In this dialogue, why does Donny say "I would agree" rather than "I agree?" How does "would" works in this context?

Telek's #1: Is there any difference between 'He snuck up on me' and 'He snuck up to me'?

Owlman's #2: I think so. "He snuck up on me" implies that he wanted to surprise you, frighten you, or perhaps overcome you after he got close enough to do that.

"He snuck up to me" implies that he was being sneaky to avoid detection by somebody else, not by you. You might even be an accomplice of his who watched him as he was doing the sneaking

Donny's #3: Yes, I would agree with Owlman's analysis of the difference there

  • 1
    Cambridge Dictionary: 'used to refer to a situation that you can imagine happening' Dec 3, 2023 at 11:58
  • 1
    Depending on context, it could be either tentative (polite etc) or conditional "would".
    – BillJ
    Dec 3, 2023 at 12:52
  • @BillJ What do you mean by "tentative?" Does "would" mean not certain?
    – Nyambek
    Dec 3, 2023 at 14:05
  • @FumbleFingers There is no conditional in the sentence above. The speaker only uses "would" directly. Could you explain the use of "would" in this case?
    – Nyambek
    Dec 3, 2023 at 14:43
  • There's no "conditional" in the linked Q, where B says I would paraphrase this as a man who was selfish through and through. To me, the context is identical to Donny here saying I would agree with Telek's analysis. In both cases, the word would effectively means nothing at all, since nothing really changes if it's omitted. Dec 3, 2023 at 17:17

1 Answer 1


"I would agree" is a weaker version of the direct statement "I agree" because it is less direct and imparts less commitment, due to being possibly a future conditional but more likely a polite way of hedging or half-saying something.

It could be conditional or expressing likelihood in the sense "I would X, if Y." If that's the case, the implied Y is unknown here, so X is also just a possibility. (And we don't know what the implied condition is, which arguably makes "I would agree" even weaker than if a certain condition were stated.)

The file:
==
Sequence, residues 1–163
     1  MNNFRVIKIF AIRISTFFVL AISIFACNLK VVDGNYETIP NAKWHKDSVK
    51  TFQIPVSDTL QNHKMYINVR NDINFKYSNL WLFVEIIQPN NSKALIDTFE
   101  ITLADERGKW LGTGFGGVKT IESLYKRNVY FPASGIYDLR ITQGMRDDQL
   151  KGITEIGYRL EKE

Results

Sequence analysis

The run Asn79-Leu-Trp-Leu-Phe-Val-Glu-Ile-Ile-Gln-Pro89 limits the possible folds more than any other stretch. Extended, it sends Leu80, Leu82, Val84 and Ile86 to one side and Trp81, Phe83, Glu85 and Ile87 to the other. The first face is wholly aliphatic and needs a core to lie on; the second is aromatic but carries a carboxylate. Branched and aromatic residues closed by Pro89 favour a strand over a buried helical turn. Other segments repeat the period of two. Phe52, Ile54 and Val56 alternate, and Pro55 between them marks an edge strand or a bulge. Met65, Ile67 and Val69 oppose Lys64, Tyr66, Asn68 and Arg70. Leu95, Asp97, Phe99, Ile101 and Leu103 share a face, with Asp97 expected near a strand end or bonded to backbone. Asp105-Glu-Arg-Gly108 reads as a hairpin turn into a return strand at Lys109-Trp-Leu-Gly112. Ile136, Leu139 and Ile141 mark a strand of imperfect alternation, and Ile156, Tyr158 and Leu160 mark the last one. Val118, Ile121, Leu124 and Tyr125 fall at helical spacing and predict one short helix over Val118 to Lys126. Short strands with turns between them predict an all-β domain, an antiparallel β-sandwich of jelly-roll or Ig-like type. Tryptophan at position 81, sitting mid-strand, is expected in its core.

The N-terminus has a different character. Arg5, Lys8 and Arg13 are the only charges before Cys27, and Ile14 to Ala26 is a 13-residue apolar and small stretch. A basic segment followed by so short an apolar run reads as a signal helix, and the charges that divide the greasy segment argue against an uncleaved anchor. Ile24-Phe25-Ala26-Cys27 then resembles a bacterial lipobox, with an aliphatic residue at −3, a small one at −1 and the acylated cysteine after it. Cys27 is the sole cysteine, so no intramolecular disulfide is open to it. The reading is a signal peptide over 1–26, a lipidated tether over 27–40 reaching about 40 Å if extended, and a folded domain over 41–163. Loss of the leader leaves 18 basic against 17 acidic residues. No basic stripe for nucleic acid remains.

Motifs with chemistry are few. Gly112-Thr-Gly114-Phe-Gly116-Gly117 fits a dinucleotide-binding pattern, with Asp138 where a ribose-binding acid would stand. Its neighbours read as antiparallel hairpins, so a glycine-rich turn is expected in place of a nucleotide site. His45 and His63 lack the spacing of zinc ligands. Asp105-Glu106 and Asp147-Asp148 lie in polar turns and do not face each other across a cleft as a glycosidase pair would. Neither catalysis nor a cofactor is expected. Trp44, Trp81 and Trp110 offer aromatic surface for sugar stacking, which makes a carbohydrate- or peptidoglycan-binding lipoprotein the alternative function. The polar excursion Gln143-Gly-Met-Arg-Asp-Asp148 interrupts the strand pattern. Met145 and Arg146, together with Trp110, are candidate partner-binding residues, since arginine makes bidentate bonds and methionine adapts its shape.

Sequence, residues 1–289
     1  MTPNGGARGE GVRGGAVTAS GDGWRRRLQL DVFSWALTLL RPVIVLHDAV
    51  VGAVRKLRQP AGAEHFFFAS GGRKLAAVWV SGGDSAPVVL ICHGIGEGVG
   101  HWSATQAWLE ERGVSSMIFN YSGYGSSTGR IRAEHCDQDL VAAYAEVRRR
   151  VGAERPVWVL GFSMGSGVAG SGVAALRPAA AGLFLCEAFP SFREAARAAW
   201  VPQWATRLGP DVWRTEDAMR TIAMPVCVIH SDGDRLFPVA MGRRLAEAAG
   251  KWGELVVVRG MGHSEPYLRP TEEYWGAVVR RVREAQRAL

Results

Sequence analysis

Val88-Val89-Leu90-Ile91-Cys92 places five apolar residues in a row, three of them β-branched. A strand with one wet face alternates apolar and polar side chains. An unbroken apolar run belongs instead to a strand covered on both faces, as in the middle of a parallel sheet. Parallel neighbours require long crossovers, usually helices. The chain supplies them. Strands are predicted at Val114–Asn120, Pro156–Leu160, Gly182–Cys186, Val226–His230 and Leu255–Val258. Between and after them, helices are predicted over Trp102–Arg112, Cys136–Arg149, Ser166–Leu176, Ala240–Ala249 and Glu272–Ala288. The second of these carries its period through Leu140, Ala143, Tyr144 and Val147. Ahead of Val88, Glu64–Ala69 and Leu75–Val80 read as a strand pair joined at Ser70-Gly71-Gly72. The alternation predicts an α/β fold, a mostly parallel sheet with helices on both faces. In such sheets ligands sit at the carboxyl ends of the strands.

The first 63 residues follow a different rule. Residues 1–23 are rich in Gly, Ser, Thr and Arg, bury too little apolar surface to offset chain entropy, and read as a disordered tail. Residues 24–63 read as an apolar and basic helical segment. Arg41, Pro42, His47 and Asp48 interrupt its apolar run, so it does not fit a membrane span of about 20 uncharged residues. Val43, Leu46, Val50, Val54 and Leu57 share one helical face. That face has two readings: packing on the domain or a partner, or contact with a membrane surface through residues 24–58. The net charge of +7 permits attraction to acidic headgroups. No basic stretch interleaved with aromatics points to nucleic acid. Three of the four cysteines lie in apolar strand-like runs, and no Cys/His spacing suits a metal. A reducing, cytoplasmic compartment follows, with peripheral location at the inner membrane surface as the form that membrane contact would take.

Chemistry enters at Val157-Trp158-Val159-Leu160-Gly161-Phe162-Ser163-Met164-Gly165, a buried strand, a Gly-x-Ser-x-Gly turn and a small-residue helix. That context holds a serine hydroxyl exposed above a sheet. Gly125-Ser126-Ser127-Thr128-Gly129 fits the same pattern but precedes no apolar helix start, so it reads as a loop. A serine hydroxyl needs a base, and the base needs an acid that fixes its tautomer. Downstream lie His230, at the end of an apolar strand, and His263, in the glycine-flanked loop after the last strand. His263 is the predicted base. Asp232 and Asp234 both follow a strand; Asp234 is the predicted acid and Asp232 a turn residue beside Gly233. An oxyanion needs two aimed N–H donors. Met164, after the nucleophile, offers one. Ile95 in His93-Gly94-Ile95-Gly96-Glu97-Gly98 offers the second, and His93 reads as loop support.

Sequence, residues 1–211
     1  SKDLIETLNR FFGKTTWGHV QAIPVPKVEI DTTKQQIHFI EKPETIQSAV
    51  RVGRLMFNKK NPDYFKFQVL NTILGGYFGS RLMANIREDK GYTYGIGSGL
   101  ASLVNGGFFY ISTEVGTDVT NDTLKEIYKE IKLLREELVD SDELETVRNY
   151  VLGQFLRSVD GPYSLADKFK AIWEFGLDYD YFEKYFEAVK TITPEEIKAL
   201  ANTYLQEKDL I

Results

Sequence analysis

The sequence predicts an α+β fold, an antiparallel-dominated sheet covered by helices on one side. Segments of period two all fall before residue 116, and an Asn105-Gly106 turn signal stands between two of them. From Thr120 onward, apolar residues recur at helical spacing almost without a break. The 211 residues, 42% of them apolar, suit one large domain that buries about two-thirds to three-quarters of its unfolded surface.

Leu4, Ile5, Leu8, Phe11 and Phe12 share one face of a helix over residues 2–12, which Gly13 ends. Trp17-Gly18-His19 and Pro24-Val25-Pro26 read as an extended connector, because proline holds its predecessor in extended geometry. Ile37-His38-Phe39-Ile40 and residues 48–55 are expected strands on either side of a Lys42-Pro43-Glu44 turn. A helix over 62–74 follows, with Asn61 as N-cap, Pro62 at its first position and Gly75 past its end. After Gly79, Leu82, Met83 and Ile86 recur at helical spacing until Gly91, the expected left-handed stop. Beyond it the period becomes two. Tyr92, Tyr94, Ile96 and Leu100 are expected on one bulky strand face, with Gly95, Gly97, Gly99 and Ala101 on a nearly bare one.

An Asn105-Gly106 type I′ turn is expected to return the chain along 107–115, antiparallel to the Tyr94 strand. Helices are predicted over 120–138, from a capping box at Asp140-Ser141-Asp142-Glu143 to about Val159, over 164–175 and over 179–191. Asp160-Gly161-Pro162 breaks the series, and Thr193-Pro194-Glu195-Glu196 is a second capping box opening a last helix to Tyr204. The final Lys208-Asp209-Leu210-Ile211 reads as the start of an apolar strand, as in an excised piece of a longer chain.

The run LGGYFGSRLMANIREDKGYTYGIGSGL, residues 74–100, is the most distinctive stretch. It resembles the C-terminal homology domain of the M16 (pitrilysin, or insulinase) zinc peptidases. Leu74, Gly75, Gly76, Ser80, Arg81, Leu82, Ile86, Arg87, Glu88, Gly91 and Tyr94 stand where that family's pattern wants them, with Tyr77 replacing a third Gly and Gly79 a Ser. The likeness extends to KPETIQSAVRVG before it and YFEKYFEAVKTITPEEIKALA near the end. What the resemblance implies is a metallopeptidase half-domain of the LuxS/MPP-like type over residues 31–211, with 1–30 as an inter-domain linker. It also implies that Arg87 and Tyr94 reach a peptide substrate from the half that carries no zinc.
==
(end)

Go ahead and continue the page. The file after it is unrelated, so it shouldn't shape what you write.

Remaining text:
As a way of hedging, or for politeness, "would" can be used to give the assertion a less forceful weight to anyone who doesn't agree, or to avoid responsibility of being held to account. On the other hand, if the line is spoken strongly, delivered confidently, the weakening effect becomes less, as it inherits that asserted strength.

See also:

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  • Cambridge Dictionary (Sense C1:) - content is copied here:

    • used to express an opinion in a polite way without being forceful:

      • "I would think we need to speak to the headteacher about this first."
      • "It's not what we would have expected from a professional service."
    • used to refer to what is very likely:

      • "The guy on the phone had a Southern accent." "That would be Tom."
  • Could you explain what's meant "less direct" and "less committal?"
    – Nyambek
    Dec 4, 2023 at 4:19
  • @Nyambek "I agree" is a simple, direct, straightforward statement. In its simplicity and present tense, it asserts a level of certainty with which the speaker is committing. In literal meaning, it is the same as "I do agree." By contrast, "I would agree" is not equivalent to "I do agree." With "would" in there, it is weakened to fall short of the full measure. "Would" gets in the way of the directness of "I agree," which steps back from its level of commitment.
    – Nate
    Dec 5, 2023 at 23:03
  • @Nyambek (Since I mentioned "I do agree," I'll point out that, while the literal meaning is the same as "I agree," in general use, the "I do X" construct puts emphasis on the present tense, and a built-in confirmation on the whole statement. Thus, in actual use, "I do agree" is a stronger statement than "I agree.") Also edited answer there for clarity
    – Nate
    Dec 5, 2023 at 23:09

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